“Alejandro is a player that I’ve always had an eye on,” he told ussoccer.com. “He is a guy who has done it at the highest level in Europe for our National Team. He’s very consistent, can play multiple positions, and he’s had success at all of them. You talk to Jurgen Klinsmann and he’ll say he’s one of his guys that every day he brings it in training; he can count on him and rely on him and I see the same things. You get talking to Alejandro off the field and you get an idea of how good a person he is. That matters to me. As a coach I want guys with high character, and Alejandro checks that box.”
Bedoya joined a Philadelphia Union team that already featured his former Rangers teammate Maurice Edu as well as Chris Pontius, who he’s spent time with in past MNT camps. Just as he learned he would be headed to Philly, he got a call from another close friend, Charlie Davies.
The two Boston College products had never played together collegiately. Davies, who left the Eagles to sign a professional contract with Swedish club Hammarby in 2007, helped advise Bedoya on his own potential move to Sweden years later.
“While I was at BC, he’s the one that told me a lot about how living in Sweden was and how he thought it was a great league to jumpstart your career in Europe,” Bedoya said about Davies. “That’s who I went to go visit in Sweden to get a glimpse of what it was like. Not just living in Sweden, but Europe and what the soccer was like. I stayed with him for a week before my senior year and I knew that’s where I wanted to be.”
Davies had heard the news of Bedoya’s pending move to Philadelphia from a teammate at the New England Revolution a couple days before it happened. On deadline day, Davies himself learned that he’d be joining Bedoya and the Union via trade from the Revolution.
“After I got my medical in Paris, Charlie facetimed me and said, ‘I’m getting traded. Do you want to guess where?’”
“All he said was ‘Philly.’ I couldn’t believe it.’”
Davies has had his share of trying experiences over the years. Following a 2009 car accident that claimed one life and nearly his own, Davies made a miraculous recovery, returning to professional soccer a year later. Earlier this year, when getting a scan done on a groin injury, doctors discovered a cancerous tumor.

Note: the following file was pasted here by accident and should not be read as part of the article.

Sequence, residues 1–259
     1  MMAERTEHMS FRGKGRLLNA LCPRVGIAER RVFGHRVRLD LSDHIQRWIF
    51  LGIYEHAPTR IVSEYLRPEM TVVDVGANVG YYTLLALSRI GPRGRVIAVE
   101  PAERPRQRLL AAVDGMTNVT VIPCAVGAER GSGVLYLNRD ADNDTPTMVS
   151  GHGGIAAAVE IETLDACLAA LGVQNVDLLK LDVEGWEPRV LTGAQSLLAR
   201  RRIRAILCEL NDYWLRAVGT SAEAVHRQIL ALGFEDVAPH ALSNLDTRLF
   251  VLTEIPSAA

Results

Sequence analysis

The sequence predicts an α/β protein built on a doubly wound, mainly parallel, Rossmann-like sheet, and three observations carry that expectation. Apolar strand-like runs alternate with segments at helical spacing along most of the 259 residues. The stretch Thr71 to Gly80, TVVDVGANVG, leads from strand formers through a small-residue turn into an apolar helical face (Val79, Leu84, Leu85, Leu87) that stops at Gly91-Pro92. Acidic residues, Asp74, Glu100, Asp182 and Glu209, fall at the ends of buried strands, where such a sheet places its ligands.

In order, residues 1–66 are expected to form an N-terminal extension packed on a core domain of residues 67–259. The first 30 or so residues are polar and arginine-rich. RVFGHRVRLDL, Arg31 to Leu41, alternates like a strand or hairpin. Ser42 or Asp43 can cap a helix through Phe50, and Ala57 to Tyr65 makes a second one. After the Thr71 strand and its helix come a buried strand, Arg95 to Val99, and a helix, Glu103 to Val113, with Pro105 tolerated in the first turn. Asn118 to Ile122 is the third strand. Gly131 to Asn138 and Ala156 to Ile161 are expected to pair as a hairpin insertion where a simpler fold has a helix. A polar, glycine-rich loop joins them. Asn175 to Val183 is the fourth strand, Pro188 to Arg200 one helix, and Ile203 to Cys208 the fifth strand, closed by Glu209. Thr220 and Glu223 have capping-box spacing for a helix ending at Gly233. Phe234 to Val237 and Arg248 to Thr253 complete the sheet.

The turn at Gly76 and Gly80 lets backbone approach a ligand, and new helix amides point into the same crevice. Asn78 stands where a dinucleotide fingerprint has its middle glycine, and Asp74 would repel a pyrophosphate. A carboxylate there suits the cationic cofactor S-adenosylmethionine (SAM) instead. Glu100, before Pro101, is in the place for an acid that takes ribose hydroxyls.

Through both life-changing instances, Davies found a supportive friend in Bedoya. Now united in Philadelphia, the speedy attacker is looking forward to his on-field partnership with his friend.
“He’s a guy I could confide in and trust,” Davies told ussoccer.com “He’s just a genuine, hard-working guy. On the field, we’ve only been able to play together at various National Team camps. I think now it’s great to finally be able to play with him on the same team. His work ethic is second to none, and he’s a guy that will provide me with a lot of chances to score. The future is bright for us here in Philadelphia.”
As for his move back to MLS and what it means for his role with the U.S. Men’s National Team, Bedoya made sure to discuss his decision with Jurgen Klinsmann prior to finalizing the deal.
“I called him immediately when I knew about the interest and told him it could be a possibility if it was the right situation,” Bedoya said. “Jurgen was pretty honest with me. He just let me know he was happy for me and he understands it’s important for me. He was very open and let me know as a player he always knows I give everything. No matter what, I’m a competitor and me coming back here wasn’t like I was coming to settle and just be with my family and be comfortable. For me it’s about coming back to prove something.”
Bedoya, in knockout round action vs. Belgium, featured in every game of the USA's run to the 2014 FIFA World Cup Round of 16.
While the immediate goal is helping the Union back to the MLS Cup Playoffs for the first time since 2011 and securing the club’s first trophy in its history, Bedoya’s long-term sights are set on helping the U.S. reach its eighth-consecutive FIFA World Cup at Russia 2018.
“The 2018 World Cup is definitely a goal I have in mind. I want to play in my second World Cup. The last World Cup was an incredible experience and I want to be a part of it. Obviously making this move, that was in the back of my mind. Last World Cup I know that almost half the team was coming from MLS, and I’ve done my thing in Europe. I’ve stood my ground there, I battled, I’ve been challenged and I was able to find my way into one of the best leagues and be one of the only Americans abroad that play consistently week in and week out on a club team in a top league.
“I’m very proud of that, and I know I have to come here to MLS and prove myself again. Prove myself to Philly, the coaching staff, my teammates, to fans, and to the league that I’ve still got what it takes to be a factor at the 2018 World Cup. Nothing’s going to change. [Clint] Dempsey, ever since he came back to the States, he’s been scoring goals for the National Team, still doing a lot, and same with some of the other guys who have been contributing a lot.
“It doesn’t change anything. I’m probably going to have to work a lot harder, but I’ve always been the guy that’s never going to back down from any challenge.”